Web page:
Cruise passengers whose vacations got cut short because of Hurricane Irma arrived early in Miami Thursday to find they had few options for a way out.
With the number of flight cancellations increasing and last-minute flights out of Miami selling for sky-high fares in the thousands of dollars, cruisers who didn’t plan for the change in itinerary were left scrambling Thursday.
Also scrambling was Norwegian Cruise Line, which was working Thursday morning to move passengers from the 2,004-passenger Norwegian Sky, which docked in Miami ahead of schedule, to the 4,266-passenger Norwegian Escape, which is headed away from the storm Thursday evening.
The cruise ships aren't staying here — they're leaving. They should have gone to another port.
Florida Sen. Marco Rubio
Florida Sen. Marco Rubio questioned why cruise operators — and the Coast Guard — had chosen to allow ships to come into PortMiami early “and drop off a bunch of passengers who now have to figure out how to get back home” while plane tickets and hotel rooms are impossibly scarce.
“The cruise ships aren't staying here — they're leaving,” a clearly annoyed Rubio said from the county's emergency operations center in Doral. “They should have gone to another port.”
Miami-Dade County Mayor Carlos Gimenez said the county is in touch with the cruise lines to ensure they have made arrangements for passengers who don’t live in the area.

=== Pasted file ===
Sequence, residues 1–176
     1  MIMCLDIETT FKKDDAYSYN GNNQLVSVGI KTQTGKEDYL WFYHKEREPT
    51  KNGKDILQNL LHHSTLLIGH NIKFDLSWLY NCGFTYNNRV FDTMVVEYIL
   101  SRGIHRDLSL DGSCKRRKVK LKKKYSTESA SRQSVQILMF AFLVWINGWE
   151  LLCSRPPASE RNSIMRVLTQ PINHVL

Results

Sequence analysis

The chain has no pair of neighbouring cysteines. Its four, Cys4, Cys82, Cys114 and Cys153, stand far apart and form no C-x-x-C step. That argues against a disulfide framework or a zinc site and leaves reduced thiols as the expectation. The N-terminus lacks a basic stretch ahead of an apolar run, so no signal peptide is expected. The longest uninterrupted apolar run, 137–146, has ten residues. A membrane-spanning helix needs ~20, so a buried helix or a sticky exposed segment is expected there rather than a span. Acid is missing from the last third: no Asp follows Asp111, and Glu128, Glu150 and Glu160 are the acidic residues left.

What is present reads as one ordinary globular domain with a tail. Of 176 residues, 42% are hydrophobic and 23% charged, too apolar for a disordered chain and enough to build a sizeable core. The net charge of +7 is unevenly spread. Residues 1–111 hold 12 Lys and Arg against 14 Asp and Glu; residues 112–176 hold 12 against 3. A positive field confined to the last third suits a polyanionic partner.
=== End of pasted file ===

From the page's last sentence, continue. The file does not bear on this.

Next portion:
“Maybe they should have been dropped somewhere else," said Gimenez, speaking from the emergency operations center in Doral on Thursday afternoon. “Not everybody on those cruise ships is on a flight. Some of them are locals — they want to get back home.”
New Yorker Tara Burke posted a plea to friends on Facebook who may have a helicopter, plane, pilot's license or advice for her sister and niece who arrived on the Sky Thursday at PortMiami.
We have no reports of anyone that we left without accommodation.
Norwegian spokeswoman Vanessa Picariello
“OK now I need help. Norwegian is no help. They are dropping us in Miami [and] have minimal ability to make arrangements. Airlines don't have flights. Hotels are not taking reservations and gas stations have no gas so rental cars are the locals choice to get out. THIS SUCKS!!!!” Burke posted.
Norwegian had previously announced that travelers on the Escape, which also arrived in Miami Thursday, could remain on the ship if they do not live in Miami and can’t secure a flight out of the area. But the same did not apply to passengers on the smaller Sky.
Norwegian spokeswoman Vanessa Picariello said Thursday that the cruise line had been moving guests who did not have a place to stay from the Sky to the Escape. By Thursday morning, about 4,000 passengers has been accommodated, including an additional 30 on Thursday, “meaning a lot of people were taking us up on that offer,” Picariello said. The Escape is scheduled to leave Miami Thursday evening on a route away from the storm, the cruise line said.
Picariello said Norwegian is also working with area hotels and has staff at the port to help get passengers accommodated.
“For those guests that approached us at the pier, we were able to assist with hotel accommodations,” she said. “We have no reports of anyone that we left without accommodation.”
Burke’s family members got a lucky break at noon Thursday.